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The future of the subsurface chlorophyll-a maximum in the Canada Basin-A model intercomparison

Steiner, N.S.; Sou, T.; Deal, C.; Jackson, J.M.; Jin, M.; Popova, E.; Williams, W.; Yool, A.. 2016 The future of the subsurface chlorophyll-a maximum in the Canada Basin-A model intercomparison. Journal of Geophysical Research: Oceans, 121 (1). 387-409. 10.1002/2015JC011232

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AGU Publisher statement: An edited version of this paper was published by AGU. © 2016 American Geophysical Union. Further reproduction or electronic distribution is not permitted doi:10.1002/2015JC011232
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Abstract/Summary

Six Earth system models and three ocean-ice-ecosystem models are analyzed to evaluate magnitude and depth of the subsurface Chl-a maximum (SCM) in the Canada Basin and ratio of surface to subsurface Chl-a in a future climate scenario. Differences in simulated Chl-a are caused by large intermodel differences in available nitrate in the Arctic Ocean and to some extent by ecosystem complexity. Most models reproduce the observed SCM and nitracline deepening and indicate a continued deepening in the future until the models reach a new state with seasonal ice-free waters. Models not representing a SCM show either too much nitrate and hence no surface limitation or too little nitrate with limited surface growth only. The models suggest that suppression of the nitracline and deepening of the SCM are caused by enhanced stratification, likely driven by enhanced Ekman convergence and freshwater contributions with primarily large-scale atmospheric driving mechanisms. The simulated ratio of near-surface Chl-a to depth-integrated Chl-a is slightly decreasing in most areas of the Arctic Ocean due to enhanced contributions of subsurface Chl-a. Exceptions are some shelf areas and regions where the continued ice thinning leaves winter ice too thin to provide a barrier to momentum fluxes, allowing winter mixing to break up the strong stratification. Results confirm that algorithms determining vertically integrated Chl-a from surface Chl-a need to be tuned to Arctic conditions, but likely require little or no adjustments in the future.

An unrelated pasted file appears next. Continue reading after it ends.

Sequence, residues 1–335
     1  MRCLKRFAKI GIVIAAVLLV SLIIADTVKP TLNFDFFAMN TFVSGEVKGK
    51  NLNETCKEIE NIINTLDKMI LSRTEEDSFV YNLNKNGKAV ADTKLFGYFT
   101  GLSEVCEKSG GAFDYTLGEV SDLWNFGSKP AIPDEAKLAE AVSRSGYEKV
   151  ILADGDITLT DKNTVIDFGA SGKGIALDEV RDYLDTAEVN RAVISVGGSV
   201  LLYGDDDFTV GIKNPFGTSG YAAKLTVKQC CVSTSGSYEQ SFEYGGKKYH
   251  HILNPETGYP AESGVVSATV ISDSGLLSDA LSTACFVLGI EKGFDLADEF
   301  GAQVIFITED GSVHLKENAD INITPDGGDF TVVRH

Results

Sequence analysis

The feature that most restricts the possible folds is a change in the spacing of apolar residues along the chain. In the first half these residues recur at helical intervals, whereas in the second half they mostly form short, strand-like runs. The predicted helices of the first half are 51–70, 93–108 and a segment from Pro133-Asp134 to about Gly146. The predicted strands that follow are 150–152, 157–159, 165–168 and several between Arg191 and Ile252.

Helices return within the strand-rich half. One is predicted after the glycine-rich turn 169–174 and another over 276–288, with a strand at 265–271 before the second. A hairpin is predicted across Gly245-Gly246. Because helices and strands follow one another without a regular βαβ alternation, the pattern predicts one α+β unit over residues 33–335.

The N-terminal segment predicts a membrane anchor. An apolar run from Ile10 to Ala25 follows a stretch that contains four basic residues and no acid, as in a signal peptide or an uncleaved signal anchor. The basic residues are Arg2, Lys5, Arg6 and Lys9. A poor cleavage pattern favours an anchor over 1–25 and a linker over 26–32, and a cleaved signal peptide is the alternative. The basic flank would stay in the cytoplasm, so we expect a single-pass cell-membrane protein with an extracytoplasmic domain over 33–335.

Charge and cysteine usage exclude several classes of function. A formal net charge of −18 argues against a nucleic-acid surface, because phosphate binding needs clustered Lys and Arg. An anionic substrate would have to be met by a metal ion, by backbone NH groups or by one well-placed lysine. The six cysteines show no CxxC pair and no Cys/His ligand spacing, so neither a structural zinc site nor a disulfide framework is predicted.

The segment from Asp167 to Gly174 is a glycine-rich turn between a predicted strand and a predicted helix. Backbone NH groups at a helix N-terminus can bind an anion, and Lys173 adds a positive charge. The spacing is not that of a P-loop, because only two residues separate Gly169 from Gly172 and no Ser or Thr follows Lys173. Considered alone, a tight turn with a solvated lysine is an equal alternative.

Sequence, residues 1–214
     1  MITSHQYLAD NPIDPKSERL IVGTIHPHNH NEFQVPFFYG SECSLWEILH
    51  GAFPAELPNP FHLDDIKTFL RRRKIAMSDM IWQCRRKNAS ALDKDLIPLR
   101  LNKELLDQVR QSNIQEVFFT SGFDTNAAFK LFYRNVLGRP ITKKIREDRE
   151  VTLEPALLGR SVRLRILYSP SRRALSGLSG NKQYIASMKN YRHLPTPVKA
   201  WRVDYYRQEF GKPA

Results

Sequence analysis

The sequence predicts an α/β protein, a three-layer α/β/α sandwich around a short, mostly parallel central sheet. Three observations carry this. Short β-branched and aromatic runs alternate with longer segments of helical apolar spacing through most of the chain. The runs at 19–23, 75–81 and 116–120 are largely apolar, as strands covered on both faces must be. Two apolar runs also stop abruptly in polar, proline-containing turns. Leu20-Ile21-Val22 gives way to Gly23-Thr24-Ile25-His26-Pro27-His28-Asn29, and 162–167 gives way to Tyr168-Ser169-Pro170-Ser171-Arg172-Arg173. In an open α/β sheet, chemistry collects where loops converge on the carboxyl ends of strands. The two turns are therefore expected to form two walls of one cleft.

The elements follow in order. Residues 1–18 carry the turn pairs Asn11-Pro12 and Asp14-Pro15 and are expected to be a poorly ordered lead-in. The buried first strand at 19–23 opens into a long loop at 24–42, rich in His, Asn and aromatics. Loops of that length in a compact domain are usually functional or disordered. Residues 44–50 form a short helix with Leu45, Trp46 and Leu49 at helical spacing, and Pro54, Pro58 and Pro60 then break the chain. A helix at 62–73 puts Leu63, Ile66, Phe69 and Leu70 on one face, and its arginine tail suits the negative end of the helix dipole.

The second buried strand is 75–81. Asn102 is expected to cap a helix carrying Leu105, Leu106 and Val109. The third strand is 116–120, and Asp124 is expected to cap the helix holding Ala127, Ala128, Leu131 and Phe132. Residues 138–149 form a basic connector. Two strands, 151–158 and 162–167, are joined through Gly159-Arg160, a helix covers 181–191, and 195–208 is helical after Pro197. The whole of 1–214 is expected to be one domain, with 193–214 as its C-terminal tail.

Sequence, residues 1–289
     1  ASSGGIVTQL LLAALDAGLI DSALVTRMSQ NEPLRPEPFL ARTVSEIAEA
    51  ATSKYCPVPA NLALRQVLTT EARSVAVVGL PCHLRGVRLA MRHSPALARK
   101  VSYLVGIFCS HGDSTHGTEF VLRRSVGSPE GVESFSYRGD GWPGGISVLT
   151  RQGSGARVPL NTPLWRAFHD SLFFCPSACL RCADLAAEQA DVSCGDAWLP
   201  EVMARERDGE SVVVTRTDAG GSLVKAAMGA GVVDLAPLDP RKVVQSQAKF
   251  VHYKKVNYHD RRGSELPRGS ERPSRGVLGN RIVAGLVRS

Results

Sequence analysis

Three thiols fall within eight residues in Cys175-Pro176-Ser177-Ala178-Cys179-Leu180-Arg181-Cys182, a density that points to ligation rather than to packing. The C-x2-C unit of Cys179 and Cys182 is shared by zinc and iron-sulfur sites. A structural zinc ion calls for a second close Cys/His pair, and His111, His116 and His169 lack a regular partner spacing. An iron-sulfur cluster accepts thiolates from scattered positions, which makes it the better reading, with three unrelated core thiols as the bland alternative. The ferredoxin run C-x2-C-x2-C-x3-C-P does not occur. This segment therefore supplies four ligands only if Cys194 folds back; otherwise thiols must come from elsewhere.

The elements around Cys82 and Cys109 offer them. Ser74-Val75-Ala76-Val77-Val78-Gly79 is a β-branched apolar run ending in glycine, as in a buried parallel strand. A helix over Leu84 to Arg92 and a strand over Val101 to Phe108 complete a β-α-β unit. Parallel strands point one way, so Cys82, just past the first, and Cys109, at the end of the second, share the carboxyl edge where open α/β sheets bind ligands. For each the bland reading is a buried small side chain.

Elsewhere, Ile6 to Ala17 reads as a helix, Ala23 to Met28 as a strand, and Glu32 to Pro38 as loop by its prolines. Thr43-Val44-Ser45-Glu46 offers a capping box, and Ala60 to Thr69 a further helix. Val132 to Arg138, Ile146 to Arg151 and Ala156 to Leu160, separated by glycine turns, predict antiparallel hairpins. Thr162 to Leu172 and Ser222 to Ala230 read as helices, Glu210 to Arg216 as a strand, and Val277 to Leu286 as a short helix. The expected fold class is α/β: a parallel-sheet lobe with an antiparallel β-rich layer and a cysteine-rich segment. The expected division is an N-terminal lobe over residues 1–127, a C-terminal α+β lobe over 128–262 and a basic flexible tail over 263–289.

Item Type: Publication - Article
Digital Object Identifier (DOI): 10.1002/2015JC011232
ISSN: 21699275
Additional Keywords: Arctic Ocean; deep chlorophyll maximum; Canada Basin; Chl-a profile
Date made live: 12 Jul 2016 13:12 +0 (UTC)
URI: http://nora.nerc.ac.uk/id/eprint/513947

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